The Music of Meditation by Lucy Draper-Clarke

Beyond Violence Retreat with Donal Creedon: December 2022

Donal is a conductor, his long fingers like ten batons, keeping us all in time, on time, and attuned. During the many hours of daily practice, he holds us in unison – walk, sit, walk – the boundary that invites inner freedom. His teaching is exquisite, drawing on different scores: from the three schools of Buddhist philosophy to personal letters, to poetry and verse. It is dharma music for our ears.

While seeking to move Beyond Violence, we first share stories of confusion, of conflict, and war. What draws humans towards violence? Why is it so fascinating? Is it inevitable? Family conflicts are the juiciest, from the ancient yet current story of Milarepa to disagreement and death in rural Ireland, to Covid grief, aggression, and reconciliation. Sometimes a member of our meditating orchestra needs to play a solo, and Donal allows those moments of individual expression within the afternoon discussions. These personal reflections highlight the experiences of the group. Stories rooted in fear, jealousy, greed, and the expanding spirals of harm that ensue unless clarity and compassion can be re-established. Peace and violence seem to tag team.

During sitting sessions, my mind plays banal music or little repeating lyrics – earworms – that go round and round and round. I find myself chanting the praises to Tara in her wrathful form, “Knitting the brow on your lotus-like features, you slay every foe without an exception” or in her most compassionate, “Your scope of activity is giving, exertion, fortitude, peace, tolerance, meditation.” My mind entertains me while my body longs to move.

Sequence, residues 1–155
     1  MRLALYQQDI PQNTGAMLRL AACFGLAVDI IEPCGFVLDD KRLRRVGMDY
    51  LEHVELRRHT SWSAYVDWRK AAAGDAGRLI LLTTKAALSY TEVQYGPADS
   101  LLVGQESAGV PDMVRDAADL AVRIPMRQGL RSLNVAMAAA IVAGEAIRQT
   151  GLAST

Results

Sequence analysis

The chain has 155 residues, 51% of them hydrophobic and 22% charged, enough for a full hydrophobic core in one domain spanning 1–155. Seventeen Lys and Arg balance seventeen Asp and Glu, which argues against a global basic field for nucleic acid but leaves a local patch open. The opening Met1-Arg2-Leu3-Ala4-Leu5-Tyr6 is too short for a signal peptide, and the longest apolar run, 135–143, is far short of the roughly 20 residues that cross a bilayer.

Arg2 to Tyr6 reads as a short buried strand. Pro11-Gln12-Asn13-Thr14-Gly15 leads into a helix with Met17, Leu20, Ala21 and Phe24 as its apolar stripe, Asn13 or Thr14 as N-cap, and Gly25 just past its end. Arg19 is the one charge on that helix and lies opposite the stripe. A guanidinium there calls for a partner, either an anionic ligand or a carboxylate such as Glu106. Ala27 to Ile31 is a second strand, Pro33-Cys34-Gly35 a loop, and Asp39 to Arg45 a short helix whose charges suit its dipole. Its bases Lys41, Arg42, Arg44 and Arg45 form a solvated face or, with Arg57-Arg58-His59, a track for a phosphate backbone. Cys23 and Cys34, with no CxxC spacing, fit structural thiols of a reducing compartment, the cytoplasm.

All the while, I chant the refrain: “Find your path, within the path. Find your part within the harmony. Be yourself, be no self, within the collective.”

On Saturdays, we are set free – walks to the waterfall, swimming in the Eye and hikes through the Langkloof. One group, meeting a python on their way, brought the Buddhist story of snake and rope, into glorious technicolour. It really was a snake, not just the conditioned fears of the mind. Some responded with the wise instinct of self-preservation, others with carefree curiosity, all beyond violence.

Something was working, not just with our minds, but our hearts too. Each person finding their own way to bring delight to the group: beautiful flowers adorned the hall, delicious meals kept up our strength, and the different gong ringers explored their unique tunes that called us back to practice.

Nothing magical happens for me in meditation. There is no bliss. Yet it seems to open a doorway. In the midst of daily life, I see phenomena passing through that door; ideas emerge and life flows with less effort and more humour. This draws me back to Donal’s retreats year after year. Perhaps you too would like to sing the song of meditation with such a skilful conductor?

 

Octagone by Max Pentreath

 

 

 

 

 

 

 

 

It’s good to ring the gong,

that hangs from the Octagon:

feeling the world vibrate,

until the sound is gone, gone, gone.

But the Octagon remains,

resting gently between its two ponds.

Upon which retreatants gaze wistfully,

and occasionally jump in and wallow!

While the forwards facing fish just look on,

they trust their pond will still be here, 

long after the Octagon has gone.

Gone, gone beyond,

Just like the sound of the gong.